If you were asked what the best U.S. city for electric cars will be, what would you say? A compact city where keeping within your new e-car's range would be a cinch? Or would you guess the best city for electric cars will be the one with the most charging posts? Wrong on both tries, says General Electric (which by the way makes a charging post, the WattStation): the "best" cities for EVs will be those where nearly everybody already drives to work.
Detroit was once a mecca for electric cars - will it be so again? Photo credit bobster855 via flickr and Creative Commons license.
According to GE, which said it used its own data and some from Deloitte to draw up a list of U.S. cities "best positioned" for electric cars, the EV winner is Dallas, followed by Houston, Detroit, St. Louis, and Atlanta.
GE said they took American Community Survey (Census) data and looked at cities with the most car commuters, and then cross-tabbed those numbers with cities where most commuters also live within a 50-mile radius, since range anxiety is one of the top concerns supposedly inhibiting people from planning to buy an e-car.
The result? Cities like Dallas and Houston get top marks. (In Dallas, 91.5 percent of commuters drive to work. Compare that to a place like Seattle, where just 53% percent of commuters drive to work.)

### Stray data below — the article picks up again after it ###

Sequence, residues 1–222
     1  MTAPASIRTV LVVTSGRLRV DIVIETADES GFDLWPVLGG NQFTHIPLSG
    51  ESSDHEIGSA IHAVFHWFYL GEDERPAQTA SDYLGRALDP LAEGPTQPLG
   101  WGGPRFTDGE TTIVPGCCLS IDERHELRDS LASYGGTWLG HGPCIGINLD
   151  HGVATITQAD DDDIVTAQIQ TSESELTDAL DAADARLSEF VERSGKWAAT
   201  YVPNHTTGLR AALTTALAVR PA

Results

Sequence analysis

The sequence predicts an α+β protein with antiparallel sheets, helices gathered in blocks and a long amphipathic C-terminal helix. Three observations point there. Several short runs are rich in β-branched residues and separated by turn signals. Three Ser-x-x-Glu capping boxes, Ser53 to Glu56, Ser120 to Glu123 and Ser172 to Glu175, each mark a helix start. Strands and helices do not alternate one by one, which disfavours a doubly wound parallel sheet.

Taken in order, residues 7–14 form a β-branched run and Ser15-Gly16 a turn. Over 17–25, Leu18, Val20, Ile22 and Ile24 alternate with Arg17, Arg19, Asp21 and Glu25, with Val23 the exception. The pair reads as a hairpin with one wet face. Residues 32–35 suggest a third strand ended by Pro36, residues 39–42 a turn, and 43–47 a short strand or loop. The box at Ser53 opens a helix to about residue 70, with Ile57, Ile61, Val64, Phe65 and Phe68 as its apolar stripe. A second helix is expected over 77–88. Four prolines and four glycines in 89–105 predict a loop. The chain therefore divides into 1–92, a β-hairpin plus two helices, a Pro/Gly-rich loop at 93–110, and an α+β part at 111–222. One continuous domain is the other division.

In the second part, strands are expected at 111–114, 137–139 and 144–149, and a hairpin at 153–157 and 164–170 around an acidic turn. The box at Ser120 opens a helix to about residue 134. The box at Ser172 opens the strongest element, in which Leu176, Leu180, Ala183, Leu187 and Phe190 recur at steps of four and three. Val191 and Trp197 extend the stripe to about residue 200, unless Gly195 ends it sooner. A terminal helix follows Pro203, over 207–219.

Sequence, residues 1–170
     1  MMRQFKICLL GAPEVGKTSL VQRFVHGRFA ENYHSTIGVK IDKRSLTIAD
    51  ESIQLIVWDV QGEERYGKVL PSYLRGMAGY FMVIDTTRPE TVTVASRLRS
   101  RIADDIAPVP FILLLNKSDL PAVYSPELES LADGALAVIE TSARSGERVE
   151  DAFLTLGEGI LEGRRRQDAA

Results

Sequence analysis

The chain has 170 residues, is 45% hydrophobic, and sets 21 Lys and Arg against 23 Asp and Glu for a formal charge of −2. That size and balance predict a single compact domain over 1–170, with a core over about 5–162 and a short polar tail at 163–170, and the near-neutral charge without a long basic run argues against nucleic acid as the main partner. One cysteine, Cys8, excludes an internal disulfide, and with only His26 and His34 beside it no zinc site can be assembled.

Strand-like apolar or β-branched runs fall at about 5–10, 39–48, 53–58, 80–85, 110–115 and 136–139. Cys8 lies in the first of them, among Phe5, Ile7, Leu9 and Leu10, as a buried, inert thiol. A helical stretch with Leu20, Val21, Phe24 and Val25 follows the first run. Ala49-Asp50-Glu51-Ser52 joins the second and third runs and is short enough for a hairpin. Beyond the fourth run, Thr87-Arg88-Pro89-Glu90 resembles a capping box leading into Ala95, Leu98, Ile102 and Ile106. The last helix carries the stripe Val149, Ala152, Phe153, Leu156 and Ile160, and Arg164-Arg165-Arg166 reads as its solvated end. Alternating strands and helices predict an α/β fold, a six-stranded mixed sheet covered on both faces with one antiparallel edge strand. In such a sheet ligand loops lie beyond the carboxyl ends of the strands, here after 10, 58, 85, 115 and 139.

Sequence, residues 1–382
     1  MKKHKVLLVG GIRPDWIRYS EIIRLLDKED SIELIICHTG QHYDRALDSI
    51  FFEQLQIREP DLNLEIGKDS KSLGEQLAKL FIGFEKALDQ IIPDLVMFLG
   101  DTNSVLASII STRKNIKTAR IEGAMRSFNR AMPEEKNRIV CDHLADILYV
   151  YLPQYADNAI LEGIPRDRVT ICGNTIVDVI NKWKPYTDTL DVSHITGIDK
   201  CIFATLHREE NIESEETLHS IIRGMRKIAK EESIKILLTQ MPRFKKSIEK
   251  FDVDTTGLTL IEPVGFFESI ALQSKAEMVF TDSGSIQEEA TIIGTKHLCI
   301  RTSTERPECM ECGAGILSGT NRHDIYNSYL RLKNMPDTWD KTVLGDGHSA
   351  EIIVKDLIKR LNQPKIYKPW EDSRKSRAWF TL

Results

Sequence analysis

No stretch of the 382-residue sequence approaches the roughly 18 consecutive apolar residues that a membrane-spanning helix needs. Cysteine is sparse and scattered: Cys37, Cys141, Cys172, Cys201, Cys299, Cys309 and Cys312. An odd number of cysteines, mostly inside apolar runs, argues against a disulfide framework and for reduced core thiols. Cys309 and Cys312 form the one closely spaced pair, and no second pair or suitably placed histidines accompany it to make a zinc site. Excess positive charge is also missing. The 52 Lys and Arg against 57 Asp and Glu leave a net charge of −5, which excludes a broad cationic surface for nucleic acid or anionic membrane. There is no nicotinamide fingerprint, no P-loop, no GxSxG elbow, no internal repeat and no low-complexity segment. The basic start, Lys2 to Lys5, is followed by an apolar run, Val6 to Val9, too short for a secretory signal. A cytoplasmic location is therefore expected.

But what's the use of a study like this - it doesn't actually say anything about the cities that are making the most effort to get ready for, or give preference to, electric cars. Well, GE spokesperson Lauren Talamini says the point is to "highlight cities where EV infrastructure investment would be best spent moving forward."
GE's designated top candidates don't match up with another recent study, by Roland Berger and the Rocky Mountain Institute, that rated 50 major metropolitan markets for what it called "plug-in electric vehicle readiness."
Bergers' and RMI's winner was Austin, Texas, followed by Denver, Los Angeles, New York, and Orlando, Florida.
It was these cities, according to Berger's researchers, that excelled at infrastructure, regulatory environment, consumer readiness, and something called overall operating environment.
While GE's idea of best U.S. cities for electric cars and Berger's conclusions don't jive when looking at the top five, GE's top cities do show up in Berger's top 50, under the categories of "Aggressive Followers" (Detroit and Houston) and "Fast Followers" (Atlanta, Dallas, and St. Louis).
While Berger's study seems much more reliable than GE's in predicting what the best U.S. cities for electric cars will actually be in future, both studies turned up interesting tidbits. From the RMI study was the interesting observation that 40 percent of the top 50 metro areas in the U.S. have done nothing to prepare for electric cars. I
In addition, both studies mentioned the fact that public infrastructure, i.e. publicly-available charging stations, are not as important as we may have thought in spreading EVs, because most users will charge at home.
Both these studies also (unintentionally) seem to contribute to the slowly growing meme that electric vehicles may not benefit transport, the environment, or livability in our cities. Shifting from a gas-guzzler to an electricity guzzler really doesn't change the transport paradigm - it just gives car companies and those like General Electric something new to sell.
Read more about the downside of electric vehicles:
Electric Vehicles: Good for Climate, Bad for Water
Today on Planet 100: Are You Falling for These Common Electric Car Myths? (Video)
12 Myths About Electric Vehicles